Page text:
Must we link Godliness to every single faction in life?? I think it truly a false sense of hope to rely on the Lord every waking minute. What happened to individual ability?? What happened to individual ingenuity?? Why must all that we do as we go through life lead back to God?? Religion has truly gone overboard. I truly think there are those that rely on their God much too often....

    December 12, 2011 at 8:03 pm |
    • great

      Robert- I pray that you will come to know God. There is no such thing as relying on The Lord too much. I have learned through life experiences that we are not in control- Believe me, this is coming from a person that didn't believe for a long time. But what I have come to realize and learn – all by God's grace is how much I need him and we all need Him. The peace and understanding that is brought into LIfe by knowing our Lord and Savior is unparralled and powerful. I hope some day you find that understanding.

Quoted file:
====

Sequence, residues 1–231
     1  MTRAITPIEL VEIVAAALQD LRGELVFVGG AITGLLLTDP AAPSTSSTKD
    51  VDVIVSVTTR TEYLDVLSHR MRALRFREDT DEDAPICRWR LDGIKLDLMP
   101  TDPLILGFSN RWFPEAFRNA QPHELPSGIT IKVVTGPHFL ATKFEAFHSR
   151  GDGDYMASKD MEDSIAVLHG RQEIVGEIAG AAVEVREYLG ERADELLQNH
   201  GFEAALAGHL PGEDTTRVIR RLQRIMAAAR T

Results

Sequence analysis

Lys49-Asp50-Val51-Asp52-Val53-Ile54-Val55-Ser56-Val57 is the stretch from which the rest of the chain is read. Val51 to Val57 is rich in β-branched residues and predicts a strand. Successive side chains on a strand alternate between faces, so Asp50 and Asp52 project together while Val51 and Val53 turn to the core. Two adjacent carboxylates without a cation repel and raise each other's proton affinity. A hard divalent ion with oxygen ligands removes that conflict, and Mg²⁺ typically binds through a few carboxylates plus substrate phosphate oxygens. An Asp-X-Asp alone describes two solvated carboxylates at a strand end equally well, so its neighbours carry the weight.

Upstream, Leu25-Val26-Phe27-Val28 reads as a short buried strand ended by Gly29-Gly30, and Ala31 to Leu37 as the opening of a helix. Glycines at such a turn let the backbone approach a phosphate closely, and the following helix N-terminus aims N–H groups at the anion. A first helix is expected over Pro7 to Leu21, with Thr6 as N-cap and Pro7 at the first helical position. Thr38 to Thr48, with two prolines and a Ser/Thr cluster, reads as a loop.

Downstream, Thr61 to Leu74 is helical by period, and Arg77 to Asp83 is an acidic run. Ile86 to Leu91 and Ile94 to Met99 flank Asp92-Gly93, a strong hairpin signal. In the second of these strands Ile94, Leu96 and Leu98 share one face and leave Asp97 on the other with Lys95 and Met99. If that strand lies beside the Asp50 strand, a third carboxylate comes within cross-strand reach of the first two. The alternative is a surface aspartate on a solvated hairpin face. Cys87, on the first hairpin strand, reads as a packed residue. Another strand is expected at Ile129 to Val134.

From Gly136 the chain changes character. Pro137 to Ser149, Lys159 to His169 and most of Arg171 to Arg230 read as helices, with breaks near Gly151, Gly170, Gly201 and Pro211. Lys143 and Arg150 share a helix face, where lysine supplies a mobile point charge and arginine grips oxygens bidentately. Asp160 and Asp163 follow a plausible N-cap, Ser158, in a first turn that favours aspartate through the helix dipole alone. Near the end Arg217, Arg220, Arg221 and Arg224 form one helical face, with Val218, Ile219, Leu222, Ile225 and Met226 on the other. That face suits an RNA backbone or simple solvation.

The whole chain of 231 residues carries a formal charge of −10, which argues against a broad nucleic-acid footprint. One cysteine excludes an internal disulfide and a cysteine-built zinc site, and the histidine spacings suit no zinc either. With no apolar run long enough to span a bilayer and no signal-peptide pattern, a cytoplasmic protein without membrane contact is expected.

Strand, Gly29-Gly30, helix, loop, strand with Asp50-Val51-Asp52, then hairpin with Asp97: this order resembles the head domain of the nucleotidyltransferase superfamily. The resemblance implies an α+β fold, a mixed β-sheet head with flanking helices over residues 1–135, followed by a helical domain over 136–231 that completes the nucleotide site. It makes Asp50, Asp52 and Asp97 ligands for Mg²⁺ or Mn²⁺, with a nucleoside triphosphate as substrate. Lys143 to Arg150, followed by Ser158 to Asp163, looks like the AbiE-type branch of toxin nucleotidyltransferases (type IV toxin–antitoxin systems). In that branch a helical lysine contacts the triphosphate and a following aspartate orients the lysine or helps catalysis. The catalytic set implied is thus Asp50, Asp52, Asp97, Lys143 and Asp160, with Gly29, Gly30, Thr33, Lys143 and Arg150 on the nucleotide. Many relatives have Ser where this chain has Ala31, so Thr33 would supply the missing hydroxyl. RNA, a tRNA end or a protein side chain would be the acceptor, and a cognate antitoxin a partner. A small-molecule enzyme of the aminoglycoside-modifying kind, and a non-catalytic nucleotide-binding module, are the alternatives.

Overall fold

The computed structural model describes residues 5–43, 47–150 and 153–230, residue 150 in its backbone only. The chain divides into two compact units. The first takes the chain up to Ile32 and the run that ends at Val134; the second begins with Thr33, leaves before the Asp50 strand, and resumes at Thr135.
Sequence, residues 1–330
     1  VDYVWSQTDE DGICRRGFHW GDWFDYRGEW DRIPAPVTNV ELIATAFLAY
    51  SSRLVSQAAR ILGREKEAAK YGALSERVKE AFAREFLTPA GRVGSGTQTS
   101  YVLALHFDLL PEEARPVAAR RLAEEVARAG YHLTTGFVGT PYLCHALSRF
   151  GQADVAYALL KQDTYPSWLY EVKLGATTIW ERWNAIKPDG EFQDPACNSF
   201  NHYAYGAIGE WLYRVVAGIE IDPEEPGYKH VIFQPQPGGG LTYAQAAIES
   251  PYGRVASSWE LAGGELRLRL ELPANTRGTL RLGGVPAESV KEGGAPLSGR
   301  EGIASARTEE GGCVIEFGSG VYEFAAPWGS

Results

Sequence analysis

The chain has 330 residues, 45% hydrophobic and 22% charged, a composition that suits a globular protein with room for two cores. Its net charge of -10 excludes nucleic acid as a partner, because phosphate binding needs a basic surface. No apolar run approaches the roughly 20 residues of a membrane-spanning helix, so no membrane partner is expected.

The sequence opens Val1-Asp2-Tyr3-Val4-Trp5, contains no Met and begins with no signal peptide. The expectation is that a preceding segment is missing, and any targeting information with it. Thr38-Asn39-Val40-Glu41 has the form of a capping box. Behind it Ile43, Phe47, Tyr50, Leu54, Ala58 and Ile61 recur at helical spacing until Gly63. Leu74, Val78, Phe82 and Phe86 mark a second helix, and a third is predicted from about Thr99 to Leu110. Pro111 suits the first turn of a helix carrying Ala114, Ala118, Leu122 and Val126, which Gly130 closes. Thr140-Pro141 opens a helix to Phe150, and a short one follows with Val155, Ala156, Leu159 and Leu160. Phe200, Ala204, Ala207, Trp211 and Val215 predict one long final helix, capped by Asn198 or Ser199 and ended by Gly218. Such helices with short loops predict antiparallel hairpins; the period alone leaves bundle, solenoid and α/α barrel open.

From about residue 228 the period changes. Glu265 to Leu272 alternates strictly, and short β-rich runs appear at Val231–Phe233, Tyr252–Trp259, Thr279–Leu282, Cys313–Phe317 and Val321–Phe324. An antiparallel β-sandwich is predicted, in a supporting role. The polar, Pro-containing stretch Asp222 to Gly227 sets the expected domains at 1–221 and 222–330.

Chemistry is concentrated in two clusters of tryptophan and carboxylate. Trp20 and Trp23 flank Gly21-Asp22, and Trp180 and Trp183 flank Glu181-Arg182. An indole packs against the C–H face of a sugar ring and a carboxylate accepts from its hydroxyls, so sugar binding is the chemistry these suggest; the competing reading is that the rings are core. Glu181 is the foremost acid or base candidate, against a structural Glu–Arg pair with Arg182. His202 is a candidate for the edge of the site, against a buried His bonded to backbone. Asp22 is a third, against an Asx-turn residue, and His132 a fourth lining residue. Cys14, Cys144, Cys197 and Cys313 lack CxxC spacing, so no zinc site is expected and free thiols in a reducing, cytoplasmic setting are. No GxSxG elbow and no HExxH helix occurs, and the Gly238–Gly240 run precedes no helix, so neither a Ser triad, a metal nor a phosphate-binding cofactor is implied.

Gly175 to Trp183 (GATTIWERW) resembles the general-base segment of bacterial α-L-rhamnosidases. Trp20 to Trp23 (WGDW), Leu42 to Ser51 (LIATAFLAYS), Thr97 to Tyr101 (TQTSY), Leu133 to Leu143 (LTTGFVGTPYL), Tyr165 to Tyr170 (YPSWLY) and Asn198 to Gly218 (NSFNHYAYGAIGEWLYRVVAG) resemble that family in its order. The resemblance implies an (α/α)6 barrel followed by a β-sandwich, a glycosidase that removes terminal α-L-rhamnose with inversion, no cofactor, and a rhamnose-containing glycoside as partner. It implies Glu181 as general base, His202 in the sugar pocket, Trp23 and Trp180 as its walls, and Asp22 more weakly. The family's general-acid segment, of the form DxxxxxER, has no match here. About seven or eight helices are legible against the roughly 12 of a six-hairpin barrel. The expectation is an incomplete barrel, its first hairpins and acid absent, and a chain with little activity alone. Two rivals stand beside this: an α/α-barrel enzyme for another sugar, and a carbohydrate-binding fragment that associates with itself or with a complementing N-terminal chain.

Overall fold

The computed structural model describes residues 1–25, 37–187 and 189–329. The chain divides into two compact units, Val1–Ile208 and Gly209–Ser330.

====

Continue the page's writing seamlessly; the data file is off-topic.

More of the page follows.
December 12, 2011 at 8:24 pm |
    • mickey1313

      Great, all thiests are ignorant and need to keep there wreched thoughts to themselves. The hate put into this world from the factions of christianity islam and jeadism are so sickening that it is a wounder that anyone believes in them anymore. It just proves peoples ignorance. All faithful need to read the book, and realize that you condone all actions taken in the bible if you claim to believe.

      December 12, 2011 at 8:40 pm |
    • Bob

      And god thanks you and hopes that you will continue to sacrifice many goats in his honor so he can snort the burning blood fumes that make him so happy. Just like the bible says.

      Jesus did say you need to follow the OT rules, so keep that sacrificing knife sharp.

      December 12, 2011 at 8:40 pm |
    • great